It's elementary

Hydrogen, the lightest and most abundant of all the elements in the universe, could be powering prime movers, ships and trains in the not-too-distant future.

Hydrogen-powered fuel cell electric vehicles (FCEVs) offer greater fuel efficiency than petrol or diesel powered vehicles, and are likely to be competitive on running costs compared with traditional fuel

sources within the decade.


Electric vehicles are also a contender to gradually replace internal combustion engines. Both are advantageous for various transport requirements, and both offer emissions reduction, particularly if the hydrogen extraction and batteries use renewable energy.

AB InBev’s US operation, Anheuser-Busch, recently concluded its first zero emissions deliveries hauled by a Nikola prime mover.

Hyundai Motor’s HDC-6 NEPTUNE concept

For linehaul tasks, FCEVs may be a better option, with greater mileage and a faster refuelling time than electric vehicles. The ‘fuel cell-hydrogen tank-battery’ combination in an FCEV is also much lighter than the stand-alone battery in an all-electric vehicle, which offers a payload benefit. For example, a battery-powered 20-tonne truck with a 960-kilometre range would require a 14-tonne battery.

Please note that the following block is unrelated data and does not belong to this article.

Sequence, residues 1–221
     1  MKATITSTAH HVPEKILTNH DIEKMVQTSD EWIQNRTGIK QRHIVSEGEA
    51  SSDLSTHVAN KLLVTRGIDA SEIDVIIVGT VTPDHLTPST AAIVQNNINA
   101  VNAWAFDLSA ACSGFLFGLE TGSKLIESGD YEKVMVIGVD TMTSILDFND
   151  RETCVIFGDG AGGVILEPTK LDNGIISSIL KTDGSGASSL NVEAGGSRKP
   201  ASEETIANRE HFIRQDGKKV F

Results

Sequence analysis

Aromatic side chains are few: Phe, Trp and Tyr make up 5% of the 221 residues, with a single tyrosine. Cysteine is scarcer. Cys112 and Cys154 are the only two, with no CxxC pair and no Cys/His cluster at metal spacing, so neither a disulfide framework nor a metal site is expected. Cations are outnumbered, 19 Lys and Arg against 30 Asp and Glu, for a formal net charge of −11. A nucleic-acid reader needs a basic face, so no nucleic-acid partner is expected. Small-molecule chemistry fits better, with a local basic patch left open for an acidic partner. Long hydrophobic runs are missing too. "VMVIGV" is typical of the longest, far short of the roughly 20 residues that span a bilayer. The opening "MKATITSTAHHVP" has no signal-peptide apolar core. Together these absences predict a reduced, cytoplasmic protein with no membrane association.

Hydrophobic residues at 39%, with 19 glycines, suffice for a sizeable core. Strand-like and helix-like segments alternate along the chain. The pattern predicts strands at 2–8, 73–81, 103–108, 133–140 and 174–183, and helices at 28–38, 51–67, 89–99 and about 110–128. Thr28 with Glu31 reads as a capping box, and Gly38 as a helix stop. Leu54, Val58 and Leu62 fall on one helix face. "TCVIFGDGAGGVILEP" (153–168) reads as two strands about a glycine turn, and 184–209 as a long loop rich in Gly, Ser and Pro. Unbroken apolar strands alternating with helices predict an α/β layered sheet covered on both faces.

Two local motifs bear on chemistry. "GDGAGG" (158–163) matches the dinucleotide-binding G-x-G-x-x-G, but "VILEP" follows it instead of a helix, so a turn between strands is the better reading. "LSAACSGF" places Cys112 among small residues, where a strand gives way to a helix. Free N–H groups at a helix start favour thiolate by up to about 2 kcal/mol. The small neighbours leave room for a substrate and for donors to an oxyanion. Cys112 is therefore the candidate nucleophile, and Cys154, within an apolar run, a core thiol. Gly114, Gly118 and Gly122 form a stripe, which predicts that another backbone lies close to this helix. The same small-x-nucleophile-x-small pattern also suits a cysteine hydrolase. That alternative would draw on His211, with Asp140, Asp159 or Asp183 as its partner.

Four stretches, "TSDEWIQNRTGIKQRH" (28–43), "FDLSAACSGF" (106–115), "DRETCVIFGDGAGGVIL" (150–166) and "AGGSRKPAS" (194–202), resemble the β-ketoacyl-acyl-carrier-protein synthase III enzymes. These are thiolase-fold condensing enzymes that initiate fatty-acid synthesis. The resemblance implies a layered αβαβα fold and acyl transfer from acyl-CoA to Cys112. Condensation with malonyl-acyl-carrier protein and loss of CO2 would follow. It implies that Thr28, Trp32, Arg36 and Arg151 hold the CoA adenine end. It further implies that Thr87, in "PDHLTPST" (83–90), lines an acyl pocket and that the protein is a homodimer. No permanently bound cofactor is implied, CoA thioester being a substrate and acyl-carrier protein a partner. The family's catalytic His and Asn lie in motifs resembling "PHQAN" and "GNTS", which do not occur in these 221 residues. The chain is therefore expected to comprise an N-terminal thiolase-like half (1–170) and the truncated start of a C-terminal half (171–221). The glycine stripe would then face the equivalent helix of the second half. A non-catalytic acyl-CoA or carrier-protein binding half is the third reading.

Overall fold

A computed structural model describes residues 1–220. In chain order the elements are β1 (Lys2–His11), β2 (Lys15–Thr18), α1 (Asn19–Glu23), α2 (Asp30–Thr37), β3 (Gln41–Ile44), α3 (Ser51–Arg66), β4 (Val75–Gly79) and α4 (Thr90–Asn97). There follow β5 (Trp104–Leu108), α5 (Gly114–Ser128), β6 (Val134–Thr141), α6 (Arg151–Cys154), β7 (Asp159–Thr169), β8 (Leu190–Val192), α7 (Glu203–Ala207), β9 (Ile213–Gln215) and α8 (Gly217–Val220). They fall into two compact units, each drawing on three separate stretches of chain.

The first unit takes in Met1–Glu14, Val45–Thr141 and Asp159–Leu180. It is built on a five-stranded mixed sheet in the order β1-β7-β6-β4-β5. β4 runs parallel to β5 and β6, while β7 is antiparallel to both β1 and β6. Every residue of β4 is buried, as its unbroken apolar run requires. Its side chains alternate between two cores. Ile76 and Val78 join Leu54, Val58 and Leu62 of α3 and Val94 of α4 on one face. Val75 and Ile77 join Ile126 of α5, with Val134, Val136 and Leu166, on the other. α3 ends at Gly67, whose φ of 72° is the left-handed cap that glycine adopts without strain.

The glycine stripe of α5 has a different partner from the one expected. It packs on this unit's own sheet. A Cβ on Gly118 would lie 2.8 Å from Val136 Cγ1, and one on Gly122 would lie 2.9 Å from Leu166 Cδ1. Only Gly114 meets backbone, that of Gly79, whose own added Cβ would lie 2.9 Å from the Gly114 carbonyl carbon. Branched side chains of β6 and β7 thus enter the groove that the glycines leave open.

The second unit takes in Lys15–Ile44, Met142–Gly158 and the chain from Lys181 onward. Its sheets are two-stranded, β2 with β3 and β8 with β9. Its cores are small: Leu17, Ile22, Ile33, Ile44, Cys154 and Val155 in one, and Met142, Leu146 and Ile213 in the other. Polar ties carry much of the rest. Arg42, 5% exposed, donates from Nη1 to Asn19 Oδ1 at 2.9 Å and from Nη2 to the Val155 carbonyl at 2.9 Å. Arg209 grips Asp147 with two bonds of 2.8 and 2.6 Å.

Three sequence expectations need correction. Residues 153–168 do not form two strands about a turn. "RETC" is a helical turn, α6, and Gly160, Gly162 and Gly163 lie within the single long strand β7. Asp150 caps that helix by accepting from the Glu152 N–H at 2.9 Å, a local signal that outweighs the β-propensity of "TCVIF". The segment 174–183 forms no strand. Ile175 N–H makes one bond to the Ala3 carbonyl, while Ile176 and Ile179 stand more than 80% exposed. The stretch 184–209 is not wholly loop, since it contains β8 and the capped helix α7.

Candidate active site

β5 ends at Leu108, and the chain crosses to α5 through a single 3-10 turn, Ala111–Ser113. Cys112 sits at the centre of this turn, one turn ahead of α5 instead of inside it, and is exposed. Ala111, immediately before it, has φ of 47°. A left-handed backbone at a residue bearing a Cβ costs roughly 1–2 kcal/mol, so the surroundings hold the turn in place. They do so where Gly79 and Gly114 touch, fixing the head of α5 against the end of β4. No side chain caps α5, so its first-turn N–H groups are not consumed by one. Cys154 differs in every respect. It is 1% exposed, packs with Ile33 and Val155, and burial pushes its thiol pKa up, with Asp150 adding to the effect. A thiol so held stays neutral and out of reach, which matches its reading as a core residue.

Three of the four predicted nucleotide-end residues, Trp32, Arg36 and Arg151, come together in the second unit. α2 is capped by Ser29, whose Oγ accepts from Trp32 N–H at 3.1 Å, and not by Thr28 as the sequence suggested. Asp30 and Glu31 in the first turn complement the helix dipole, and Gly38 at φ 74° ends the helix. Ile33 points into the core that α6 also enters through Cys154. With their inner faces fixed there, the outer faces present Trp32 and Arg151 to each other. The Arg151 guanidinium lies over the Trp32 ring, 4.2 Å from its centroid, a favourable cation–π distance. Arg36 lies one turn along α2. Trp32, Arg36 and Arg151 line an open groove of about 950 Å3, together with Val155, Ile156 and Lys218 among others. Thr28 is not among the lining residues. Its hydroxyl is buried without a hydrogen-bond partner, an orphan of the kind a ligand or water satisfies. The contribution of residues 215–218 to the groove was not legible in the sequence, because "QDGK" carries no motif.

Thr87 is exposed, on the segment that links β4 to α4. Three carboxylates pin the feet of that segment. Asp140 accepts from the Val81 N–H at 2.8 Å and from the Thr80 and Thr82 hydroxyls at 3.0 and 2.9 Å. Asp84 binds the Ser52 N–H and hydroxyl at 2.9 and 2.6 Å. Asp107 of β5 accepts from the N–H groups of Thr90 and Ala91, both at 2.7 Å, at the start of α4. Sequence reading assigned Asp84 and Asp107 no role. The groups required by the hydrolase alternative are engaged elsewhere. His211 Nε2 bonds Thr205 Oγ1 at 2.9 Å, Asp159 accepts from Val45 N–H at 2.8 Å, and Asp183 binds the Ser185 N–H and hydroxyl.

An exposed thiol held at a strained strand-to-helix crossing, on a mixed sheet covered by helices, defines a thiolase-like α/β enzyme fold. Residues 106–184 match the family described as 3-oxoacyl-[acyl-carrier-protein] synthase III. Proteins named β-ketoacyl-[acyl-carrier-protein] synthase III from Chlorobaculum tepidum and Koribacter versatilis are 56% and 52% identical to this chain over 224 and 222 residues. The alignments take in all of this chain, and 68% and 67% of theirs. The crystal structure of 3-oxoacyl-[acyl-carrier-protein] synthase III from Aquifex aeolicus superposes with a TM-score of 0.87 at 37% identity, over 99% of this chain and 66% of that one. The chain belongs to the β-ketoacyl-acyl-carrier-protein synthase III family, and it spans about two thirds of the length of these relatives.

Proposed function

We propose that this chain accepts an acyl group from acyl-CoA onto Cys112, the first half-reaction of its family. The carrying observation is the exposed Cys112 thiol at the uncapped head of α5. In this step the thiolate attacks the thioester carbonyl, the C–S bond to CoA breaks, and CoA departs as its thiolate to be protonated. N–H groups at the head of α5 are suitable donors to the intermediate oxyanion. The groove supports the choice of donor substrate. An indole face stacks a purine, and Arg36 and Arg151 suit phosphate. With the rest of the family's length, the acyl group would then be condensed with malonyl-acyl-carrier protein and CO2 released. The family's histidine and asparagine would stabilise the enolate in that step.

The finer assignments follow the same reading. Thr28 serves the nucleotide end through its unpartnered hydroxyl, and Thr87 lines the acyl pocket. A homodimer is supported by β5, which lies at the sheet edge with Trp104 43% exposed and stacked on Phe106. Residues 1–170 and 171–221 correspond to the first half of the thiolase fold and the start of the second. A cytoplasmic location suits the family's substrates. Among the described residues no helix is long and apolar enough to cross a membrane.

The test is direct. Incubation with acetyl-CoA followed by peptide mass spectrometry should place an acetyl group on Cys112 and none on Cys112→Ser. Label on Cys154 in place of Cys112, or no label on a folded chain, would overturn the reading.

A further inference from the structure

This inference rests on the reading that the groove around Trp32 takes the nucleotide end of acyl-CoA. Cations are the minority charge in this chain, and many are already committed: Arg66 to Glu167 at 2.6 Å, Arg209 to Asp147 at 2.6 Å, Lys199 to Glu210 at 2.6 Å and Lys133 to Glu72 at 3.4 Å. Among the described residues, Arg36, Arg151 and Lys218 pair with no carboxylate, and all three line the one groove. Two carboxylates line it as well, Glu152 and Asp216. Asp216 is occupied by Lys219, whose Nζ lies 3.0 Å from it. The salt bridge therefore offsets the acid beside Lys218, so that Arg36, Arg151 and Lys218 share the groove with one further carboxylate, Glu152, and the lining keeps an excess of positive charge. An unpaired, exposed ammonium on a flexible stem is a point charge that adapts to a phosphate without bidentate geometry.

With an FCEV, though, only a bigger tank is required to carry the extra fuel.1

Hydrogen has much to offer in reducing emissions, pollution and business costs. According to the Hydrogen Council2, by 2050 up to 20 million hydrogen fuel-cell trucks could be on the road worldwide. Given their potential advantages in longhaul transport, where will they be and what will they be doing?

National Highway 95 runs from Perth to Port Hedland. About 1,000 trucks travel the route every day, burning up to one litre of diesel and emitting 2.4 kilograms of carbon dioxide per kilometre. The average trip is 750 kilometres.3


Heavy vehicles with hydrogen fuel cells are ideal on a route like this. It’s simple and predictable, so fuel stations are only required on the main road. There is also a lot of traffic, so it is worthwhile to set up the infrastructure to meet the demand.


And because it is not a worthwhile proposition for rail, there is no competition from another mode.